A Vision for an Equitable DC | Meyer partners with Consumer Health Foundation on new equity report and community initiativeLast week, the Meyer Foundation and the Consumer Health Foundation (CHF) convened community members, advocates, and policymakers in the District to unpack the findings of the new Urban Institute digital feature, A Vision for an Equitable DC. The report, commissioned by Meyer and CHF, takes an in-depth look at the state of equity among the District’s black, white, and Hispanic residents using ward-level data.
On October 18, the board of directors of the Meyer Foundation approved an unprecedented investment of $1 million to support the production and preservation of affordable housing in the Greater Washington region.
The Meyer Foundation board of directors has selected four chief executives of local nonprofit organizations for the Julie L. Rogers Sabbatical Program.
I recently attended a meeting at my temple that focused on Ta-Nehisi Coates’s bestselling book, Between the World and Me—a personal exploration of racial history in the U.S. Members were interested in engaging in a conversation about our role as allies in moving racial equity forward in our community. As attendees raised their hands to contribute to the discussion, I found myself having so much I wanted to say, and yet feeling hampered in my ability to adequately convey my thoughts. While I did speak up, I know I did not have the right words.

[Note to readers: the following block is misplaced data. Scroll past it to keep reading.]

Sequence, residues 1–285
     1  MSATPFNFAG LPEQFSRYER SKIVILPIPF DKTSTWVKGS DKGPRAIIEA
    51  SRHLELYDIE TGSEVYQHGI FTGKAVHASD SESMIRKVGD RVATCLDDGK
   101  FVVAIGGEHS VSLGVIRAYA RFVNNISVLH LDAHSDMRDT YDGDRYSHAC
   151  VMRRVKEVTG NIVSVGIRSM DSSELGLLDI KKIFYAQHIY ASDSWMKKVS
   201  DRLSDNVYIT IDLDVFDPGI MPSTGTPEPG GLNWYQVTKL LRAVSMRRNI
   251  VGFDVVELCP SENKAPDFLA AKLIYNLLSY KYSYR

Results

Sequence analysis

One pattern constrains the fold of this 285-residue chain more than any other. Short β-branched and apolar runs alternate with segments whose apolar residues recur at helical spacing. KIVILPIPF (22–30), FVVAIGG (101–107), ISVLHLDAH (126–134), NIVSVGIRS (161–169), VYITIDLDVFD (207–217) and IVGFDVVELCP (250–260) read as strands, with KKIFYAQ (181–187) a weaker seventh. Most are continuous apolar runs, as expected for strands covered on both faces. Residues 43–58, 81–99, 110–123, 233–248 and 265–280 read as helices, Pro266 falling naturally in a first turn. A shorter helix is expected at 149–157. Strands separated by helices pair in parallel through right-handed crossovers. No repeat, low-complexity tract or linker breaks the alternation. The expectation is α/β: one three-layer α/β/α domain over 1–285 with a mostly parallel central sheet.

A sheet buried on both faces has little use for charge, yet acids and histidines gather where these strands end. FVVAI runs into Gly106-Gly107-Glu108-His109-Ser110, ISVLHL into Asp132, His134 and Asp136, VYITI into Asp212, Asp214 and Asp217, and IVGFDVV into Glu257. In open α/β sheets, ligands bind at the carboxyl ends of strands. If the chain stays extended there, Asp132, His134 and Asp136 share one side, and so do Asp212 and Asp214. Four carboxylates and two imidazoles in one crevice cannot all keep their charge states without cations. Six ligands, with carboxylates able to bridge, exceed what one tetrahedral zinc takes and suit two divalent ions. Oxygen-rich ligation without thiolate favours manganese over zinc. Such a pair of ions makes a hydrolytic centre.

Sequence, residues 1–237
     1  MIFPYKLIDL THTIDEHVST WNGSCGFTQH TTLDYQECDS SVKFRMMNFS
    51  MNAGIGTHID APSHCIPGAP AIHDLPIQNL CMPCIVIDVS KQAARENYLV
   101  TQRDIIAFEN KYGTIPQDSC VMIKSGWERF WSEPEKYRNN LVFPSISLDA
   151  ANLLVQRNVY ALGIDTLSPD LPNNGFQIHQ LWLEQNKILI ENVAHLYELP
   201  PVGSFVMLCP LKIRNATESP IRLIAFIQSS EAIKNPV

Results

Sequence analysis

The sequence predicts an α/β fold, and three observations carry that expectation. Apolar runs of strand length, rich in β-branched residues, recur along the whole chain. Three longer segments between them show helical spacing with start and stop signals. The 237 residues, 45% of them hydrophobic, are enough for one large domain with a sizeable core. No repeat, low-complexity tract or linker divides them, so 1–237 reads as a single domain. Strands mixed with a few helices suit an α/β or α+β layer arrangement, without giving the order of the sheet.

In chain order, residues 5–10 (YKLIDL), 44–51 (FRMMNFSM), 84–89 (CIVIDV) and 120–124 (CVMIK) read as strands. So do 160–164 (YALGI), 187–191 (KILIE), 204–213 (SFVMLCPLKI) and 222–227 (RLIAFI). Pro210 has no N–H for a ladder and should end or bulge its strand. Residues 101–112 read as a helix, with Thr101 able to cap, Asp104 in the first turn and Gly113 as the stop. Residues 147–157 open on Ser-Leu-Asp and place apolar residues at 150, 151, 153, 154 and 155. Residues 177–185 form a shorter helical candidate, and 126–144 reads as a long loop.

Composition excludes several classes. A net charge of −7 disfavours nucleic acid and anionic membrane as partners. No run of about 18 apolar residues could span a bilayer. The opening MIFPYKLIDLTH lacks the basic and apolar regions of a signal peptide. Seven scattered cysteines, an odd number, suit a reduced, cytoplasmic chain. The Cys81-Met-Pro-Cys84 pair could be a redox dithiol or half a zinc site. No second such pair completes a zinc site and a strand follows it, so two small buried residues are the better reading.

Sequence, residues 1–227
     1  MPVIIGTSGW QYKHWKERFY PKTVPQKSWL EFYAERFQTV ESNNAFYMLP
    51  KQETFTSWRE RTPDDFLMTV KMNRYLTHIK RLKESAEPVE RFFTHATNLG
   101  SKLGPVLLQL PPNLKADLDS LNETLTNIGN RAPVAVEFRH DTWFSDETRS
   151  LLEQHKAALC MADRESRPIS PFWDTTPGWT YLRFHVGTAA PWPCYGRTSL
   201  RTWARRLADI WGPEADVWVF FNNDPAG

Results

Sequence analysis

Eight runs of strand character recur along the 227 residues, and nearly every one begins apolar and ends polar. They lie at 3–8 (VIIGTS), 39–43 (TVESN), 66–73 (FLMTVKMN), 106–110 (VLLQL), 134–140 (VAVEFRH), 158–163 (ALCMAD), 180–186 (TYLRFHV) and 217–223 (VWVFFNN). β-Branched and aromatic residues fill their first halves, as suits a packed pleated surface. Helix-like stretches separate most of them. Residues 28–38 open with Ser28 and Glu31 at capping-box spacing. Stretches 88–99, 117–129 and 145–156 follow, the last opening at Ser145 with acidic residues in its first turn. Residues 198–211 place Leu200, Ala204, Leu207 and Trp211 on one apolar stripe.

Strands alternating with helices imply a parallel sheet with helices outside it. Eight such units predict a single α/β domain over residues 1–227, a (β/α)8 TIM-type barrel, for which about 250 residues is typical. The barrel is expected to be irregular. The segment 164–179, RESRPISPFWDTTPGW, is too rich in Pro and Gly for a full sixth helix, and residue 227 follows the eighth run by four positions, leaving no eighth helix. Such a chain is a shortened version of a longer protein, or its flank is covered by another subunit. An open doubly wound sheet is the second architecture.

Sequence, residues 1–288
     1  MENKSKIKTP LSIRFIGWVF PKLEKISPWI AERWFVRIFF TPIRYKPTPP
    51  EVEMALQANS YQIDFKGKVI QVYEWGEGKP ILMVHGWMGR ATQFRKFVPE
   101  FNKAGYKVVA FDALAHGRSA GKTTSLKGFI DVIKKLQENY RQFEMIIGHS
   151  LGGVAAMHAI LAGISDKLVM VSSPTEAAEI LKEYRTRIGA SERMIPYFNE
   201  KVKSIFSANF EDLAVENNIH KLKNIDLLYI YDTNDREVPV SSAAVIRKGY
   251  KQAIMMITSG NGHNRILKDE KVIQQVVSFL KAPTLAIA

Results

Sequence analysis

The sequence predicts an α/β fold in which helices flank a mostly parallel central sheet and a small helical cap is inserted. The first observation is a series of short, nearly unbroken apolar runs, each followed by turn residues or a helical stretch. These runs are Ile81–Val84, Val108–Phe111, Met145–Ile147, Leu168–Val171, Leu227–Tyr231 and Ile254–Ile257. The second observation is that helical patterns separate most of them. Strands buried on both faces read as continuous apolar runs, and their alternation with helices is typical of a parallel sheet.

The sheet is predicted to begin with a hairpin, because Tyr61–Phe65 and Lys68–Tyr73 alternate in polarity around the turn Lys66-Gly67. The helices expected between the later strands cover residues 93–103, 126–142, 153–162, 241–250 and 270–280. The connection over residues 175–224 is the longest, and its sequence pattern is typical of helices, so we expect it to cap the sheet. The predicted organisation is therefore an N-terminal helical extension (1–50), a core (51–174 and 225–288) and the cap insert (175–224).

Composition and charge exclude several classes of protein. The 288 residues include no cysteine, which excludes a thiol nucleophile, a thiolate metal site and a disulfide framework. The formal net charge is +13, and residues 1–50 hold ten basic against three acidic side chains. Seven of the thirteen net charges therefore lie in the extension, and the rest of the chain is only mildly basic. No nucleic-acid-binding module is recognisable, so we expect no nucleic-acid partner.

The board of the Eugene and Agnes E. Meyer Foundation, a private foundation in Washington, DC, elected Deborah Ratner Salzberg as chair of the board at its June 2, 2016 meeting.
The Meyer Foundation’s board of directors approved the first round of grants under the Foundation’s new strategic plan on June 2. The 80 grants, which totaled $3.25 million, reflect the Foundation’s mission to build an equitable Greater Washington region in which economically vulnerable people thrive.
Today the Meyer Foundation is launching a new sabbatical grants program that was established by our board of directors to honor Julie Rogers, who served as Meyer’s president from 1986 to 2014.
Like many other grantmakers, the Meyer Foundation has historically been leery of putting money behind efforts to help grantees raise more money.
The board of directors of the Eugene and Agnes E. Meyer Foundation has elected Rajiv Vinnakota, executive vice president for youth and engagement programs at the Aspen Institute, to a three-year term on the Foundation’s board.
As the communications manager for a small Bethesda nonprofit, Juliana Avery never expected to see her organization advocating for its mission in the pages of The New York Times.